As Seattle’s thrifting king so famously informs us, “one man’s trash, that’s another man’s come-up.”
Second-hand shopping is about more than just saving money these days. Rocking thrift-style clothing is a statement, a way of saying, “I am unique, and so are my clothes. And I bought these for a quarter the price of your new sweater.”
But to all of you Seattle thrift shoppers, let me tell you — if you think you’ve got it good, you have yet to scavenge through Nairobi, Kenya’s open-air markets.
Mtumbas (a Swahili word meaning ‘second-hand’) are modern day treasure troves jam-packed with chatty vendors who are ready to sell you everything from pots and pans to bedding to ‘boyfriend’ jackets (aka sport coats for women) to candlestick holders and even onions.
And aside from the bountiful produce, almost every item sold in the markets has been shipped from the West, often times the rejects of our own second-hand stores.
Every market is comprised of hundreds stalls made of tarpaulin, wood scraps, rusted doors and plastic — creating narrow, often muddy, alleyways customers must jump and trudge their way through in order to find buried treasure.
Vendors yell out their best prices as you walk by, waving shoes and sunglasses and hats in your general direction. Unless you’re fit to do some stubborn bargaining, be ready to pay twice the value of each item. But hey, it’s all a part of the experience.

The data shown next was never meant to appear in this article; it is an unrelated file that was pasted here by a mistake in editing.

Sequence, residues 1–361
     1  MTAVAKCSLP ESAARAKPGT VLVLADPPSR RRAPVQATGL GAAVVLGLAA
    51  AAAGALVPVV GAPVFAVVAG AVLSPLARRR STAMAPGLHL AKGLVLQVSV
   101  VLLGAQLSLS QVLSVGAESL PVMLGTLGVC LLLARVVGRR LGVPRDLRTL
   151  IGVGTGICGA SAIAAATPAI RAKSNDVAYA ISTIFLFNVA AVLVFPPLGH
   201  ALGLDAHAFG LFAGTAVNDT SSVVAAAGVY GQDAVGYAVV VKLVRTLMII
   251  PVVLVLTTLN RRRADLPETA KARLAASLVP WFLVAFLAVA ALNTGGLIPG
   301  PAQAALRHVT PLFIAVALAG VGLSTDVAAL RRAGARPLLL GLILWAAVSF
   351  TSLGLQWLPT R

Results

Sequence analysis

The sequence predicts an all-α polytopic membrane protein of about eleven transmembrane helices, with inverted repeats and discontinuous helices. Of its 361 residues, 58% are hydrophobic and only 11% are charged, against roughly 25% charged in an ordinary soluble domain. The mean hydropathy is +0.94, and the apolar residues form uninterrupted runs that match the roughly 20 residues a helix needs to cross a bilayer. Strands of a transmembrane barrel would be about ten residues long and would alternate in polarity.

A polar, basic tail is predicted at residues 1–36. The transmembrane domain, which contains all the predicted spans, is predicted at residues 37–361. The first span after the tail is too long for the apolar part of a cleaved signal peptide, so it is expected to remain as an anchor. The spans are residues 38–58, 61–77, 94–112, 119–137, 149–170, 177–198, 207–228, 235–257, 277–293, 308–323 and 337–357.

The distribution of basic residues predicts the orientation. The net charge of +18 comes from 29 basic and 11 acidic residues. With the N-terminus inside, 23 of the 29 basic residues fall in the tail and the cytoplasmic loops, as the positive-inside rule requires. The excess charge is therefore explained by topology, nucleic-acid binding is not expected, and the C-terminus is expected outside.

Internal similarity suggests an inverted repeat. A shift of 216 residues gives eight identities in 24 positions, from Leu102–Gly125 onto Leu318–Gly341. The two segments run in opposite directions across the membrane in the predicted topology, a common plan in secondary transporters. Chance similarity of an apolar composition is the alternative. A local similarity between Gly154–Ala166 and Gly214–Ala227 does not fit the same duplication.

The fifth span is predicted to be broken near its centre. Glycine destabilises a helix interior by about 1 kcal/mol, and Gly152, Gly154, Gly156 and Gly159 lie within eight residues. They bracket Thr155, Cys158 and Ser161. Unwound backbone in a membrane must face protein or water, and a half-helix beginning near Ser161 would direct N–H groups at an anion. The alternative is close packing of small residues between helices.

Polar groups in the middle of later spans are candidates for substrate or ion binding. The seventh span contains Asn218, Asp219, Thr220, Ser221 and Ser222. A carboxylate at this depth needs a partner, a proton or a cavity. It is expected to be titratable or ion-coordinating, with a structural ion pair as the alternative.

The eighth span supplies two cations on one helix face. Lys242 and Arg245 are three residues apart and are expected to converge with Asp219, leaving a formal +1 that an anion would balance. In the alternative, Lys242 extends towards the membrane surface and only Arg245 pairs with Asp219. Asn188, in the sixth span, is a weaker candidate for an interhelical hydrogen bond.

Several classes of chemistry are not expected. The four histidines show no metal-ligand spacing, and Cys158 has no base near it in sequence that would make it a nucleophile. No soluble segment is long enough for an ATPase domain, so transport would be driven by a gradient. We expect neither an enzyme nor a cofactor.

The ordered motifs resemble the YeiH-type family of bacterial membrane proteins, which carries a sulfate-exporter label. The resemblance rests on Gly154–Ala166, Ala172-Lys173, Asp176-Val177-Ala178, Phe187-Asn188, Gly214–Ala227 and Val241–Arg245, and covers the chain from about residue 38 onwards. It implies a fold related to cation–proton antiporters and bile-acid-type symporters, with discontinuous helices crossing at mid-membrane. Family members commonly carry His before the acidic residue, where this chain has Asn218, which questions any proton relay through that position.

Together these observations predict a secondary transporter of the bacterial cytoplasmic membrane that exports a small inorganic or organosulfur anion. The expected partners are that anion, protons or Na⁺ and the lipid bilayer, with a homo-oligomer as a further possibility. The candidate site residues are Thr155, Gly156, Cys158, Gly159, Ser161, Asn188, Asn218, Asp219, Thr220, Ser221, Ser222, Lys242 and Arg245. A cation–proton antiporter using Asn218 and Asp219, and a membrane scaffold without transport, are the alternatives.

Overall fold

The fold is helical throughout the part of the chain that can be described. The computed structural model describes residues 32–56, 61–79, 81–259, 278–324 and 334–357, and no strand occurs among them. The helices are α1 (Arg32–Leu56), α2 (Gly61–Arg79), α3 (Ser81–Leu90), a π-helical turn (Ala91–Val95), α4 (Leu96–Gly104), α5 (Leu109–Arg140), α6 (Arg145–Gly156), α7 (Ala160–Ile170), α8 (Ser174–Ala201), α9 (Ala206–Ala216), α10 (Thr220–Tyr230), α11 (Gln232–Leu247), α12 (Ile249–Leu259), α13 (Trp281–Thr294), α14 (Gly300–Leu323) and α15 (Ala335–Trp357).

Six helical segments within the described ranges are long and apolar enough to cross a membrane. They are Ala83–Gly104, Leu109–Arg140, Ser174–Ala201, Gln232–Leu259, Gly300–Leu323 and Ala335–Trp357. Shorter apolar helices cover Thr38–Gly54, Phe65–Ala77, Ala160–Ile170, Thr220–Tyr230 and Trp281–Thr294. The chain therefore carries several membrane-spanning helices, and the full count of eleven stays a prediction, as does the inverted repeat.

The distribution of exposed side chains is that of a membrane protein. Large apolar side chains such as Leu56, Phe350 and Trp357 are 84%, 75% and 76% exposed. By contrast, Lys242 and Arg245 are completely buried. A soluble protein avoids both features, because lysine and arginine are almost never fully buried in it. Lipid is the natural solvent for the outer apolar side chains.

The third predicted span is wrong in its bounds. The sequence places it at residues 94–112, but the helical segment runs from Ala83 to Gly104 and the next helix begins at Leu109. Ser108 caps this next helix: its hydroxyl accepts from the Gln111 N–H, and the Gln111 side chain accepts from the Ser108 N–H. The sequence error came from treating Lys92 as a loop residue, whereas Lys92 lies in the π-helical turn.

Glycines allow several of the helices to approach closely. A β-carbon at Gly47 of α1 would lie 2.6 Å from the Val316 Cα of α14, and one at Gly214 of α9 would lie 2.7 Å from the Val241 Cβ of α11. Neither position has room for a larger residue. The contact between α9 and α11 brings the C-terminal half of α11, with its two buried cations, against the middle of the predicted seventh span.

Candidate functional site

Velma Rossa and Papa Petit, Nairobi natives and brother-sister stylists extraordinaire, have mastered the art that is scouring Nairobi’s mtumbas.
As professional stylists, the duo sources their apparel entirely from local second-hand markets.
“We spend most of our time shopping at Gikomba Market, East Africa’s largest thrift market, as well as Toi Market,” says Papa Petit.
Rossa and Papa display their unique mtumba findings on their tumblr, featuring photos of themselves sporting their apparel all over Kenya (I had the honor of photographing one of these shoots myself recently).
“In a city where many high-end labels are not sold in the malls, the market is the only place to find them,” explains Rossa. “With second hand, I find I get more options and unique styles that I don’t quite see in the malls — basically non-Chinese stuff.”
But Velma Rossa and Papa are not the only people who’ve discovered the beauty that is Nairobi mtumba.
Twenty three-year-old Hellen Masido writes about her mtumba shopping experiences on a blog called StoryZetu.
“I gravitate towards aesthetically pleasing things which are unique and have high chances of not being seen on anyone other than me,” Masido explains. “My favorite part about shopping mtumba is the pleasant surprise of stumbling upon fabulous things you didn’t know you’d find.”
By blogging about her mtumba adventures, Hellen hopes to generate greater public awareness about maximizing one’s shopping trips.
“Previously, thrifting was seen as a necessity for those who were too broke. Of late, however, it is definitely is becoming a choice — and a cool one at that,” Madiso says. “I see most young people identifying with items that brand them, and this calls for a uniqueness in their style. Thrifting offers that.”